These movies are of a galaxy with similar mass, but one which experienced a more violent history. Unlike the previous system, this has many mergers -- violent collisions -- with other galaxies, over a wide range of times. As a result, the well-ordered disk we saw before never has as much chance to survive and grow before it is destroyed by these encounters. For some in-depth movies of what happens when two galaxies collide, click here.
These show mock three-color image (u/g/r bands) of what this galaxy would look like in visible light wavelengths, like the movie above, from two different projections to help see the mergers clearly.
These show maps of the gas density (blue) and temperature (red, increasing from ~10^4 K in dark to ~10^6 K in bright red), in a box with fixed ~200 kpc physical size on a side. Feedback dramatically changes the structure of the inter-galactic medium.
This movie shows a (slightly different) simulation of the same initial conditions (using our new and improved GIZMO code). We see the gas (on 200 kpc scales, as in the movies at the top of this page) face-on and edge-on, and the stars as well in the same projections (zoomed-in to the same 50 kpc scales as before).
A Dwarf Galaxy in Formation (m10)
These movies compare, instead, the formation of a much smaller ‘dwarf’ galaxy, with a halo mass of 10^10 solar masses, and present-day mass in stars of a few million solar masses. Outflows are enormously important here -- the galaxy is a thousand times smaller in stellar mass than it would be without feedback! But feedback acts quite differently, as can be plainly seen. Outflows are very spherical, because the galaxy and its halo are small compared to the background filament it is forming out of. So accretion onto them is quasi-spherical. The outflows are primarily driven by warm/hot gas, in a series of ‘shells’. There isn’t much cold gas in the galaxy, because even a small mass in young, massive stars can heat up all the gas enough to ionize it and blow quite a large fraction out of the galaxy entirely!
You can also plainly see the effects of reionization at redshift z~8-9, when the Universe ‘lights up’ and the gas in the intergalactic medium becomes ionized.
These movies show the gas in the galaxy. Magenta is cold molecular/atomic gas (T<1000 K), green is warm ionized gas (10^4-10^5 K), and red is ‘hot‘ gas (>10^6 K).
More Information About the Simulations:
In the absence of these ‘feedback’ effects, nearly 100% of the gas gravitationally bound to the final dark matter ‘halo’ would turn into stars, in stark disagreement with what is observed. But the movies plainly illustrate that feedback leads to massive galactic super-winds that blow out a great deal of the gas.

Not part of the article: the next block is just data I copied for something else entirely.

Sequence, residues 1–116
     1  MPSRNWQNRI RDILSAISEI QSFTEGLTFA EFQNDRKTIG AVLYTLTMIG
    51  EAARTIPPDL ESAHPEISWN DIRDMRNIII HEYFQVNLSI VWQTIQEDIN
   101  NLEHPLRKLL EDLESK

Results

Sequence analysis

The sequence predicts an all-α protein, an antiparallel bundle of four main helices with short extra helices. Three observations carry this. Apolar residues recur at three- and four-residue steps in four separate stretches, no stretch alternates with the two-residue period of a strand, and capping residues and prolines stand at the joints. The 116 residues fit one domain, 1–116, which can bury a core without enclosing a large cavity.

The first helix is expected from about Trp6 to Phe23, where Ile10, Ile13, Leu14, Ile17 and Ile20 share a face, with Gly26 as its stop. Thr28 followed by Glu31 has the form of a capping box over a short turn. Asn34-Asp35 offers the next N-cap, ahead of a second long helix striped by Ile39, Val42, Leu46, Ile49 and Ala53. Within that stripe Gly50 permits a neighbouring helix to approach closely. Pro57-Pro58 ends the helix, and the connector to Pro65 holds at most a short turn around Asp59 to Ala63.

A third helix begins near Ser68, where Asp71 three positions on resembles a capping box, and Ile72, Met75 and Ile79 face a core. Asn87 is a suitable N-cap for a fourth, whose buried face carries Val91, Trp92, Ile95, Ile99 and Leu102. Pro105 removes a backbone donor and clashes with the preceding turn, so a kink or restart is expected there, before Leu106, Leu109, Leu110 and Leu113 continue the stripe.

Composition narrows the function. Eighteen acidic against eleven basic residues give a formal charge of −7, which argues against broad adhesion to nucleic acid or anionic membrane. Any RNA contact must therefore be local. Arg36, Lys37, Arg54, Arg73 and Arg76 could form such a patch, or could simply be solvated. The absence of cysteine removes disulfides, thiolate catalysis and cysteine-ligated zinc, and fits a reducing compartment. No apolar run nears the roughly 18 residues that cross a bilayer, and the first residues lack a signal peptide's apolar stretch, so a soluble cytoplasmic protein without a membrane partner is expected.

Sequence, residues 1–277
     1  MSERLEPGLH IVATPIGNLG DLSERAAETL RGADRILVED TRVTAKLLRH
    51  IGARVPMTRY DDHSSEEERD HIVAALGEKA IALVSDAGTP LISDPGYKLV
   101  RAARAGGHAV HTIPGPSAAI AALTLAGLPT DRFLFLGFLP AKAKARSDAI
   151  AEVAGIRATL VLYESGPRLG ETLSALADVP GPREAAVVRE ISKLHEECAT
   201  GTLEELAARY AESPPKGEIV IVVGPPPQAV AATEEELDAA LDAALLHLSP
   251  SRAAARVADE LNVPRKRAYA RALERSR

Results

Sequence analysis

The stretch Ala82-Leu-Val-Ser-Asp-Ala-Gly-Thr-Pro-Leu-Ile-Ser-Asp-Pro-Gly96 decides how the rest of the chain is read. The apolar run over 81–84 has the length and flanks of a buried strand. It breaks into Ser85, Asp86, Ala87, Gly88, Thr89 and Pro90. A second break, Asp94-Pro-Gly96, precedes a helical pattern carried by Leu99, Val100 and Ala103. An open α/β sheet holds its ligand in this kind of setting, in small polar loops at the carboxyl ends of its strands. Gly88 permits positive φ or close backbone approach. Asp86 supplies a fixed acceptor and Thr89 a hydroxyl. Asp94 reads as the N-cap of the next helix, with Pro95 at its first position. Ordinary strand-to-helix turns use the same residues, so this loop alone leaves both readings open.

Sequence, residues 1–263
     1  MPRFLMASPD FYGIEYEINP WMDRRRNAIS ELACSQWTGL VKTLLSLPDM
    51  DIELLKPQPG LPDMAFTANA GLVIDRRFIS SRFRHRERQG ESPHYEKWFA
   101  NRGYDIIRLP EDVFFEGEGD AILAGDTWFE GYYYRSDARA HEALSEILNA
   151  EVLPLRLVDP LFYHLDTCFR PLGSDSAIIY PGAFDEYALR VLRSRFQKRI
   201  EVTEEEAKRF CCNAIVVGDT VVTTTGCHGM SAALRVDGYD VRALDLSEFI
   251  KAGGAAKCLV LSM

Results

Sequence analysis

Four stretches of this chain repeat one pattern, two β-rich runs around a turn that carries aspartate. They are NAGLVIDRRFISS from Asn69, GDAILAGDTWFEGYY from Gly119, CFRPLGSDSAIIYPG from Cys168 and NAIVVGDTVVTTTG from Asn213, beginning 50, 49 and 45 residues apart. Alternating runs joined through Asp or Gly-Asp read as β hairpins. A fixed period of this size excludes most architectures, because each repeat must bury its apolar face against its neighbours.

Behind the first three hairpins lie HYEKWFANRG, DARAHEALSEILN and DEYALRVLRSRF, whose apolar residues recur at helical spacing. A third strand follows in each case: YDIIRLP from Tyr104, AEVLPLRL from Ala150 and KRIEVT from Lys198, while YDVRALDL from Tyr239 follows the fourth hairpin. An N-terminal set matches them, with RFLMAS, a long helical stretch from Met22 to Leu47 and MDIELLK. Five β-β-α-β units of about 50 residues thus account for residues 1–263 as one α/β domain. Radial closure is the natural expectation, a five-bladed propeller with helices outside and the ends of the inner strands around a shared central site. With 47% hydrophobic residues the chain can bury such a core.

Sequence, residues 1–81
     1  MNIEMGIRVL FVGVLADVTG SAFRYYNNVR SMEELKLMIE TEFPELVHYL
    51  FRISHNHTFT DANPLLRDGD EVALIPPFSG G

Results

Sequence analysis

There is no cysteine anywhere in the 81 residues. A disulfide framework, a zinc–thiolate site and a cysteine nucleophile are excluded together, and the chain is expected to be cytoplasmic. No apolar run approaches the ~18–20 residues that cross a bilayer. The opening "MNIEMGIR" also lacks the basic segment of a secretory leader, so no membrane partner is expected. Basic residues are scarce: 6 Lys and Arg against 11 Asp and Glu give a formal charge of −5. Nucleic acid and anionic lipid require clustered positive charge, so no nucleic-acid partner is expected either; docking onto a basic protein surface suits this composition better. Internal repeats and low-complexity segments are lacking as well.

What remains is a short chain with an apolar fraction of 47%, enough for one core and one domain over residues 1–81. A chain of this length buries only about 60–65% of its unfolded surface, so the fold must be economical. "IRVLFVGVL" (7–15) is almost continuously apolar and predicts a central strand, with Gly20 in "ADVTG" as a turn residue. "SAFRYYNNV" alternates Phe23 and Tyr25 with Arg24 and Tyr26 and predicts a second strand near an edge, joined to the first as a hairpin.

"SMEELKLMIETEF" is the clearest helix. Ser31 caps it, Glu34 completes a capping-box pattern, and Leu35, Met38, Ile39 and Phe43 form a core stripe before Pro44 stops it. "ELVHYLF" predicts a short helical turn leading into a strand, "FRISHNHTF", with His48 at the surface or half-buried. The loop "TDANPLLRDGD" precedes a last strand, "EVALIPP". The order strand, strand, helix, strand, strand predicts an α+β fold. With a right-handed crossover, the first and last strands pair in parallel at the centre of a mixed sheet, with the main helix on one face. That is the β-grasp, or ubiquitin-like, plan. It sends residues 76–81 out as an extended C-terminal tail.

These simulations are focused on the cosmological scales around galaxies. To see movies illustrating how feedback regulates star formation and the structure of the interstellar medium within galaxies, click here.
These simulations explicitly follow these ‘feedback’ effects from stars in the form of radiation (radiation pressure, photo-ionization and photo-electric heating), stellar winds (both O-star and AGB), and supernovae (Types I & II). What does this mean?
- Radiation pressure: Light (mostly from the youngest stars) scatters off gas and dust in the galaxy. Each time a photon scatters or is absorbed, it imparts some of its momentum to that gas, “pushing” away the gas and dust. This does not “heat up” the gas, but can impart an enormous amount of momentum.
- Stellar winds: Young stars blow winds off their surface that can have velocities as large as ~1000 km/s. This shocks and provides a large amount of thermal energy to heat the gas. Older stars blow “slow” winds at just ~10 km/s, but the total mass recycled into the ISM can be very large, ~30% of the original mass in stars.
- Photo-Ionization: The light from the stars also ionizes gas, heating it up to ~10^4 K. These ionized ‘bubbles’ can push on the gas significantly in very low-mass galaxies (where the corresponding velocities of the gas are comparable to the disk orbital velocities). It can also destroy molecules, a critical ingredient for the next generation of star formation.
- Supernovae: After a few million years, massive stars begin to explode as supernovae. Each such event imparts a large energy to the nearby ISM. Many “overlapping” events can build up huge hot bubbles of gas that generate pressures sufficient to “blow out” of the disk and vent material into the intergalactic medium.